We start this issue by reporting on a special camera to be used as a viewing aid. Using weld viewing camera recorded images on large monitor display gives students vital examples that help understanding what may go wrong in automatic welding and why faulty welds occur.

On another subject enlightening cues are given on how brazed specimens should look for passing visual inspection.

An ongoing effort is exerted to come up with new and improved silver free brazing alloys for reducing consumables cost while assuring acceptable mechanical properties of brazed joints. Those using currently silver alloys consumables may benefit by trying and testing alternative filler metals.

The Mechanical Properties Laboratory is changing. At least for those involved in tissues raised or made and collected for use in the human body.

It is interesting to follow recent efforts and results, to keep informed on continuing progress, even for professionals not involved in some of the most advanced testing procedures being developed for biotechnology.

The new official issue of the ASM Thermal Spray Society publishes a few articles and much information on recent progress in old and new application procedures. Interested readers are urged to seek it and to review whatever may help them perform their duties successfully.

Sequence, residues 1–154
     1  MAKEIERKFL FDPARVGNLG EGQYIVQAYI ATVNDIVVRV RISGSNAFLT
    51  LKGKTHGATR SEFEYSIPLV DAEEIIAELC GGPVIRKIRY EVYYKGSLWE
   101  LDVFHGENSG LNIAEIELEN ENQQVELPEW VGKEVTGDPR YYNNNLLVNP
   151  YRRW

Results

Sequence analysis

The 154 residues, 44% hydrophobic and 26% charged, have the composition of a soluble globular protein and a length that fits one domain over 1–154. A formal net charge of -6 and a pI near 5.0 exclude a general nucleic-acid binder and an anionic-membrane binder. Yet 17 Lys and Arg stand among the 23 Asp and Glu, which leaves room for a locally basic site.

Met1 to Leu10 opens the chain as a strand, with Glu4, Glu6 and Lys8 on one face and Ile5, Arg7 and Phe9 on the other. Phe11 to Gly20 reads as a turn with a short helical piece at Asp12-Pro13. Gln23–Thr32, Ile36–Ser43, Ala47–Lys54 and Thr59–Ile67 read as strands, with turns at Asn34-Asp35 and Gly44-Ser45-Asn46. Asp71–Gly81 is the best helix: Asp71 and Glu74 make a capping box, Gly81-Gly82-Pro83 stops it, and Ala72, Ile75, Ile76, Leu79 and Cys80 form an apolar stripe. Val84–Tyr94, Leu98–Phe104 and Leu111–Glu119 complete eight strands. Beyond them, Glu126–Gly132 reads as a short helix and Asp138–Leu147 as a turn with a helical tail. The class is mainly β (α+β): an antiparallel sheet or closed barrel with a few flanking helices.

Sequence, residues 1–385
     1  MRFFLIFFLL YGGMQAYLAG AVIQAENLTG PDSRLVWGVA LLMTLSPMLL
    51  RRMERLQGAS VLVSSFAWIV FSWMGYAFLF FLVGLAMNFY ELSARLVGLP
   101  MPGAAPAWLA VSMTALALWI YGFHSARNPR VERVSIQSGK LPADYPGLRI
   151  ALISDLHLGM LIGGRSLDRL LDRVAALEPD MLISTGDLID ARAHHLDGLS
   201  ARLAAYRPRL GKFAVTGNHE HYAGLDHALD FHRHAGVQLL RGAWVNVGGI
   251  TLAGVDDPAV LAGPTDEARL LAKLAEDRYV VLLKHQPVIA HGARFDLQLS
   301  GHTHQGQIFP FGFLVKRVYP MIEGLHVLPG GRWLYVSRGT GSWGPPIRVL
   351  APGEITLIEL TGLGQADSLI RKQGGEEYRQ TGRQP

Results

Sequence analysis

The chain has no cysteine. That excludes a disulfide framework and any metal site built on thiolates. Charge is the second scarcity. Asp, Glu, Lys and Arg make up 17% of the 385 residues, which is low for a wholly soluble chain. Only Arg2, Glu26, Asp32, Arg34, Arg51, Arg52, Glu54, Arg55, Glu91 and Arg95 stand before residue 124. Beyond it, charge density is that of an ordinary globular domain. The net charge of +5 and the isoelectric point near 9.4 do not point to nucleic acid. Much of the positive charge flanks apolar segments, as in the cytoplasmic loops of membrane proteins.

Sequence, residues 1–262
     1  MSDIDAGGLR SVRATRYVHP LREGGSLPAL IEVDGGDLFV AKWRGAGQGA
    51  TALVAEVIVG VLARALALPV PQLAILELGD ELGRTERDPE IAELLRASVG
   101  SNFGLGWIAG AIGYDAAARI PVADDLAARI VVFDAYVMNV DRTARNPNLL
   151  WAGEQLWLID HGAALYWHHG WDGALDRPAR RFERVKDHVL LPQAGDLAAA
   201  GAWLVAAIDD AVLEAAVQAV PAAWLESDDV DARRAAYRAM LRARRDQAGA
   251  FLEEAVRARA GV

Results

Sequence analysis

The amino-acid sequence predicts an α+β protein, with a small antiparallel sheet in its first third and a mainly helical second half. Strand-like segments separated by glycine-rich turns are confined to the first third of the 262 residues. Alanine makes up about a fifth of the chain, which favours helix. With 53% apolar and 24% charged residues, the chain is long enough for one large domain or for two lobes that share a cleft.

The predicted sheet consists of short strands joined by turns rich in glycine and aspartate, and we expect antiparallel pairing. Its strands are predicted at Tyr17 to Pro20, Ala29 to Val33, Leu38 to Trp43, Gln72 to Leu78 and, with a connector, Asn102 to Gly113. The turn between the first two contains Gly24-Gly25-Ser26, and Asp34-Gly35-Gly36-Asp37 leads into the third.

Recent applications of spray technology have passed severe service conditions tests and demostrated their cost effectiveness in fulfilling critical requirements.

Another reported article reviews new ways to apply diamond like wear resistant coatings on demanding applications for the automotive industry. The application reported is designed for a specific mass production need. If successful, it will not take much time until commercial spin-off will be available for general use.

It is hoped that most of readers will find at least something interesting in these pages. Let us know what you would like to find here.

The next issue will hopefully be released at the beginning of the new year. Until then Practical Welding Letter wishes to all the readers to enjoy the coming year end festivities in peace and in good health.

The other regular columns can be found at their usual places. Readers requests, comments or feedback are welcome as well as original articles reflecting practical experience of their authors. Please use the Contact Us form to send us your mail.

2 - Article - Improved Visual Inspection

Weld. Jnl. Cover November 2015

The recent November 2015 issue of the Welding Journal shows at page 48 an article titled:
Keeping Inspection Technology in Pace with Weld-Industry Advancements.

The author stresses the importance of The Reliable Eye: "Despite all of the modern inspection technologies in today’s welding industry, unaided visual examination continues to be the primary method to control satisfactory welding. An experienced set of eyes remains the key performance indicator for ensuring weld quality before, during, and after the weld process. Visual examination is fundamental to ensure joint fitup, setting and marking hold/check points, and checking for base metal discontinuities and cleanliness."